THE OBSCURE LAW THAT GIVES FLORIDA INSURANCE COMPANIES AN UNFAIR EDGE IN EVERY LAWSUIT
Most people assume that when a lawsuit goes to trial the jurors are given all the important facts. The plaintiff and defendant enter the courtroom with their lawyers who put on witnesses to testify and argue their case, and a verdict is (eventually) reached right? Not so fast.
The non-joinder statute.Have you ever stopped to wonder who is paying for all this? Who is paying for these experts who charge hundreds of dollars per hour to come testify, who is paying for this very expensive legal defense team to defend this individual or corporation being sued?
Is there something the jury is not being told?
Insurance company involvement is kept secret from the jury.The answer is yes, and it's probably the most important something a jury can possibly know. Under Florida law even though an insurance company pays the cost of hiring the defense lawyer, expert witnesses, and in most cases pays the cost of any verdict, juries in Florida are not allowed to be told that an insurance company is involved in the lawsuit or even told about the limits of the insurance coverage. Florida Statutes ? 627.4136 the insurance "non-joinder" statutes makes it unlawful for an injured person to name a defendant's insurance company in a lawsuit. Neither can either of the attorneys or any of the witnesses ever mention to a jury that an insurance company is involved or will likely be paying for the entire cost of defense and the verdict! See Thompson v. Florida Drum Co., 651 So. 2d 180, 182 (Fla. 1st DCA 1995) (error to advise jury of insurance coverage). Did you know a jury is not allowed to know that a defense medical expert can earn as much as $500,000 a year from testifying in cases where an insurance company is defending a claim?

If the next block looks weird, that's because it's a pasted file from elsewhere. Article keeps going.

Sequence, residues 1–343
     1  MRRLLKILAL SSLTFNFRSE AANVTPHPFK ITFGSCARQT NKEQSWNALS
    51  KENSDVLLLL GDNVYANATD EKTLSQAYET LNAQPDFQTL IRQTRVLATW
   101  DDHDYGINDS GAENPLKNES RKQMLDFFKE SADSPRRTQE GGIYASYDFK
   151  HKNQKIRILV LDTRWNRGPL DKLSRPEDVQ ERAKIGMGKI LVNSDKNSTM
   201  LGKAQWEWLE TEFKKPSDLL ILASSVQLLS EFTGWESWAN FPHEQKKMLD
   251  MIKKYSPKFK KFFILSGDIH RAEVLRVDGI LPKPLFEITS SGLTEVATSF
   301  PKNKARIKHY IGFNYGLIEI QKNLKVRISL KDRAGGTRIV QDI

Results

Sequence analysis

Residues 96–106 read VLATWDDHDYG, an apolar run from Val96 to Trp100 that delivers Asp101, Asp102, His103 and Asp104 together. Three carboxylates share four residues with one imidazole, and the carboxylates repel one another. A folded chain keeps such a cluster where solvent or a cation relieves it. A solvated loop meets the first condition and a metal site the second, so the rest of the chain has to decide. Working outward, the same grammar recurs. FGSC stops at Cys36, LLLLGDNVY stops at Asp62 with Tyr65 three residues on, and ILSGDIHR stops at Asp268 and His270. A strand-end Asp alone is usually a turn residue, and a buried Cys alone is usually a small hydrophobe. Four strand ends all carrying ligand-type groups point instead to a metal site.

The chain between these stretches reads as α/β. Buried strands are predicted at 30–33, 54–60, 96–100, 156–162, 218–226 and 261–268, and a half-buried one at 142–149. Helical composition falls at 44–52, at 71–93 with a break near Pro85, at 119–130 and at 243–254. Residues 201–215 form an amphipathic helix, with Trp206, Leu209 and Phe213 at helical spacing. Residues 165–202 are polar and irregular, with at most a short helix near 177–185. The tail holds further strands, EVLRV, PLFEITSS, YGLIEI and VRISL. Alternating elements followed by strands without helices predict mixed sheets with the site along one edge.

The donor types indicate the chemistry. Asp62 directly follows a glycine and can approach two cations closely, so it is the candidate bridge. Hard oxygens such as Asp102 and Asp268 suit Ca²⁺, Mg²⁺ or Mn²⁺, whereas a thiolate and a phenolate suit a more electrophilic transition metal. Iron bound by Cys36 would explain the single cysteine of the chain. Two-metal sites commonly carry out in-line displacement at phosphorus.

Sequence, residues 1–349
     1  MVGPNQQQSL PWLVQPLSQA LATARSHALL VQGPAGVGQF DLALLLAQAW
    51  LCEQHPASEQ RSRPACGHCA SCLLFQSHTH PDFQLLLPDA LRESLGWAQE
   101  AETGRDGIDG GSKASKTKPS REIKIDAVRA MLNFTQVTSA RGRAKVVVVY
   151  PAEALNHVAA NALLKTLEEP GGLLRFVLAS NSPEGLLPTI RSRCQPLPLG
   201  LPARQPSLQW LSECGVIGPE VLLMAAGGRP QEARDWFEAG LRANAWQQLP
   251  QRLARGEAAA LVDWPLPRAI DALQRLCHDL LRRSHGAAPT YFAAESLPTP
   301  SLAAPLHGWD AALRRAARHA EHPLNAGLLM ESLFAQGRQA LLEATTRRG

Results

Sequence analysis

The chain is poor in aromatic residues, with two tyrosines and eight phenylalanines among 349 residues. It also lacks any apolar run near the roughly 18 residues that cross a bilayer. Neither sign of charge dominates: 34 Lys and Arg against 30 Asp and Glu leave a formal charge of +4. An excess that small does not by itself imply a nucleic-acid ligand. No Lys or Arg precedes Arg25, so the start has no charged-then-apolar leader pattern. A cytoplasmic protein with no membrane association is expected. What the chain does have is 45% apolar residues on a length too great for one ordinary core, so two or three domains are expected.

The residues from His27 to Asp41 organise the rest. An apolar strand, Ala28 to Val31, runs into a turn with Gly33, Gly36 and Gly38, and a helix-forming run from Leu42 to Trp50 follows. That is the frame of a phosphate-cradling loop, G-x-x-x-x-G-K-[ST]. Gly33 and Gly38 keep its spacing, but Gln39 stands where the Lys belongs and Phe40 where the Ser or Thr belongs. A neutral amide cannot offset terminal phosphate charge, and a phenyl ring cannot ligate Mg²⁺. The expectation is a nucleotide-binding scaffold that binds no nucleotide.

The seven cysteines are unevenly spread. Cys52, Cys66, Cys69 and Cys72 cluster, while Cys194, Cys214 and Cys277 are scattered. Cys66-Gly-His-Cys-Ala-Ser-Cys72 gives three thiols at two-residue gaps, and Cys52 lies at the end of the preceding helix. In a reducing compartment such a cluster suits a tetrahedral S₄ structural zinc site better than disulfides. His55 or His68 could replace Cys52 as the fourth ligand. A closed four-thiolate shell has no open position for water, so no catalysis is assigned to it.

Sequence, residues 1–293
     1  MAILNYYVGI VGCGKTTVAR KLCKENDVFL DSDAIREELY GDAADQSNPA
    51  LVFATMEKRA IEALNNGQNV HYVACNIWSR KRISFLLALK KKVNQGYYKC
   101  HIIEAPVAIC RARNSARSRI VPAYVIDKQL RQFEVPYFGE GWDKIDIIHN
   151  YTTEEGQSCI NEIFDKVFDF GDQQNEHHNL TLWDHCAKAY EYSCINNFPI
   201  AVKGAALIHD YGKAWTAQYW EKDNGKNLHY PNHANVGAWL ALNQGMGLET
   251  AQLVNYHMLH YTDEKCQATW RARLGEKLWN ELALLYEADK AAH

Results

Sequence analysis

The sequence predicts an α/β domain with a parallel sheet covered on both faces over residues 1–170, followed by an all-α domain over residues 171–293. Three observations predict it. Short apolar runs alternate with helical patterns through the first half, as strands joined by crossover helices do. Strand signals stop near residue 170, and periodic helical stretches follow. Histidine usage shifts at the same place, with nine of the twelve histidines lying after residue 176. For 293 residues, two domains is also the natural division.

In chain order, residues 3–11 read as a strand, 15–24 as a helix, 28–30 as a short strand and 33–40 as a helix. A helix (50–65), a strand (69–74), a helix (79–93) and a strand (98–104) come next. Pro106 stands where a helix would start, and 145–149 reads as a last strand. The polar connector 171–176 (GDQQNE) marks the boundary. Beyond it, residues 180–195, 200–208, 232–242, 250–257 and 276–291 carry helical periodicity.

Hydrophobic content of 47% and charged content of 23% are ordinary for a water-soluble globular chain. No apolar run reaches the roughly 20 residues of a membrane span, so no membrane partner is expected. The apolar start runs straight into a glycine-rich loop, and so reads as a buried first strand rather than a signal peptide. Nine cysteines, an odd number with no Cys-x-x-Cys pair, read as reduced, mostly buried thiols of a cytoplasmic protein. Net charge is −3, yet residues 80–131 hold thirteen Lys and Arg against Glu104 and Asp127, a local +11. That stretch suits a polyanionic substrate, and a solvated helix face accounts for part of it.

Unfortunately, this law can and often does have unfair consequences victims of negligence. For example, in the case of Hollenbeck v. Hooks, 993 So. 2d 50, 50 (Fla. 1st DCA 2008), an insurance defense lawyer took advantage of the rule against mentioning insurance to try and mislead a jury into believing that he was a "consumer justice attorney" who did not actually represent a large corporation. While the Hollenback case was overturned in favor of the plaintiff, oftentimes insurance companies and their lawyers will take advantage of the non-joinder rule to give juries the impression that the individual or company being sued will have to "come out of pocket" for the amount of the jury verdict. In the vast majority of cases this is simply false as insurance is almost always in play. As the court in the Hollenbeck case recognized, the [jury can easily assume that a defendant does not have insurance coverage and find that he would unduly suffer from an award of damages].
Attorneys who represent victims of negligence must be prepared to defend against these tactics and do everything they can to even the playing field against the insurance companies who defend these behind the scenes. If you have questions regarding your case please don't hesitate to contact us at for free consultation.